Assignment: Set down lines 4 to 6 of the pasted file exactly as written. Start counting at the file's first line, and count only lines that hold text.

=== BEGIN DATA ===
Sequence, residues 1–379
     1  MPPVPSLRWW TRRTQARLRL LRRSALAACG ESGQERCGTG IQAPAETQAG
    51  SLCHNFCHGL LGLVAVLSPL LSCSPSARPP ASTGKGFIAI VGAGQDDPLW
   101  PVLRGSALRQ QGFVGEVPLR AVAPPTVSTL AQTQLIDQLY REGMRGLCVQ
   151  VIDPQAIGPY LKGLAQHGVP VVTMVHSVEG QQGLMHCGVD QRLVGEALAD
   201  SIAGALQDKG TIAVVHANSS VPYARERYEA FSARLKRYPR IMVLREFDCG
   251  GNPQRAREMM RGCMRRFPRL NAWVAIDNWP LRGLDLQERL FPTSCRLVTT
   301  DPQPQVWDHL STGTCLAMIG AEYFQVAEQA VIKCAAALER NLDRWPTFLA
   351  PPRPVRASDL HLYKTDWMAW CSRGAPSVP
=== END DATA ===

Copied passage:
   101  PVLRGSALRQ QGFVGEVPLR AVAPPTVSTL AQTQLIDQLY REGMRGLCVQ
   151  VIDPQAIGPY LKGLAQHGVP VVTMVHSVEG QQGLMHCGVD QRLVGEALAD
   201  SIAGALQDKG TIAVVHANSS VPYARERYEA FSARLKRYPR IMVLREFDCG